The Dissident Library: Religious Life in the Late Soviet Union
Dissident movements in the fields of religious life and human rights in the USSR can be compared in terms of their common protest practices (open letters, letters to the authorities, demonstrations, etc.). Beyond this focus on practices, however, the concept of dissidence, when applied to religious life in the USSR, promises further insights. In an atheist state like the Soviet Union, does religion automatically equate with dissent? And what are the specificities of religious samizdat and religious rights activism?
To discuss these questions we have invited the editors of Religious Life in the Late Soviet Union From Survival to Revival (1960s–1980s), Nadezhda Belyakova (Bielefeld University) and Barbara Martin (independent scholar, Switzerland), as well as some of the book’s authors: Anna Sidorevich (Sciences Po Paris), Natalia Shlikhta (National University of Kyiv-Mohyla Academy), Vera Klueva (Tyumen’, Russian Academy of Sciences), and Maria Kaspina (independent scholar, Israel) . This edited volume, recently published by Routledge, offers a broad perspective on religious life in the late Soviet era across different religious denominations, geographic and social settings. Our conversation will focus on the specifics of religious samizdat and tamizdat, of religious activism and participation in the human rights movement, and the geography of religious resistance and revival in the USSR.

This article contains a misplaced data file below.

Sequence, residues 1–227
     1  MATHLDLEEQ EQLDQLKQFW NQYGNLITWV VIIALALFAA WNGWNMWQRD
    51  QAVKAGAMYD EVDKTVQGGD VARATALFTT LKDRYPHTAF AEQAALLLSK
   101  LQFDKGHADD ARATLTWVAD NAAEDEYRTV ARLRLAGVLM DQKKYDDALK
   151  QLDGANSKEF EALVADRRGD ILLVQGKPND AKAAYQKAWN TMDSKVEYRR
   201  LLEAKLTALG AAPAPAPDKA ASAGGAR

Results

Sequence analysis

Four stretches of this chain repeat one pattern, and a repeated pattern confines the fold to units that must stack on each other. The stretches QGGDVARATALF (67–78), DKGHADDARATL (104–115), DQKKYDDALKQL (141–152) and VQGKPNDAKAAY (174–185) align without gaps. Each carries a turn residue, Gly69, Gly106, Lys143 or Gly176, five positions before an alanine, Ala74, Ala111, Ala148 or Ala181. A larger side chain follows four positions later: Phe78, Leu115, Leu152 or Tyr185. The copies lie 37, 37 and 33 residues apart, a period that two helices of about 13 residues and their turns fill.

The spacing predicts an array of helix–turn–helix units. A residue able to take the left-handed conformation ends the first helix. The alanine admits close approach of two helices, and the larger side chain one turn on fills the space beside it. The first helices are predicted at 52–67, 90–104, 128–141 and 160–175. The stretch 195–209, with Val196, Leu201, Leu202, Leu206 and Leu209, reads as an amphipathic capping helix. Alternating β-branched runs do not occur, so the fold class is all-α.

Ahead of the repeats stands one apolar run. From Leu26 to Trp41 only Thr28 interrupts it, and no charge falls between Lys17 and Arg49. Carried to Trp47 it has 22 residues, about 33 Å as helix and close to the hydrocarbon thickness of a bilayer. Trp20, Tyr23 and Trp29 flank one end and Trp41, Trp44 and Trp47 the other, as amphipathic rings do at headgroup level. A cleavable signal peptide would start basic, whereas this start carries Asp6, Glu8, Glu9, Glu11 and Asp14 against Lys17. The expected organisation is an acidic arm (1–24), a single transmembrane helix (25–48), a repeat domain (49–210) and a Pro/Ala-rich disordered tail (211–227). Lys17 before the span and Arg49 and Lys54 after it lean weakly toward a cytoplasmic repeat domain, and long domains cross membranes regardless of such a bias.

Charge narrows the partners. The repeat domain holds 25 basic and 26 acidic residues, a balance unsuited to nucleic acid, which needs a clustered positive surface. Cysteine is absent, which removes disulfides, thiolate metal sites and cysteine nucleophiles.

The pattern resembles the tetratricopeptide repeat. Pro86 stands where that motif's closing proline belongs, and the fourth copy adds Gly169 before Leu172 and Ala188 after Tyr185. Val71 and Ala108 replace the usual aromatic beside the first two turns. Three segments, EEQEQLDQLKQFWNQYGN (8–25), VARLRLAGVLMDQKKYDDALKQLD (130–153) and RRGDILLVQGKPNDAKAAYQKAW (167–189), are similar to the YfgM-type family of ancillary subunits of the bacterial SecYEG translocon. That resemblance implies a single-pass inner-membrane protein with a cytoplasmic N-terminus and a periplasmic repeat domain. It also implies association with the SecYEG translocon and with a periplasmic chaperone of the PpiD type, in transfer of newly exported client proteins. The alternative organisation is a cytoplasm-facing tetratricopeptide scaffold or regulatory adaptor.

- Barbara Martin, Nadezhda Beliakova (eds.): Religious Life in the Late Soviet Union. From Survival to Revival (1960s–1980s). London: Routledge 2023
Languages of the discussion: Russian with simultaneous translation into English.
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